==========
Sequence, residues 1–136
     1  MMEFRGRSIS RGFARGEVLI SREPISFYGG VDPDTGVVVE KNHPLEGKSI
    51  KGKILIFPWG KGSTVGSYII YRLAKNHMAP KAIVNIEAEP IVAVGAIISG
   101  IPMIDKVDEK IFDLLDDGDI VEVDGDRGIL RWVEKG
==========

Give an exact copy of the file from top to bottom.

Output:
Sequence, residues 1–136
     1  MMEFRGRSIS RGFARGEVLI SREPISFYGG VDPDTGVVVE KNHPLEGKSI
    51  KGKILIFPWG KGSTVGSYII YRLAKNHMAP KAIVNIEAEP IVAVGAIISG
   101  IPMIDKVDEK IFDLLDDGDI VEVDGDRGIL RWVEKG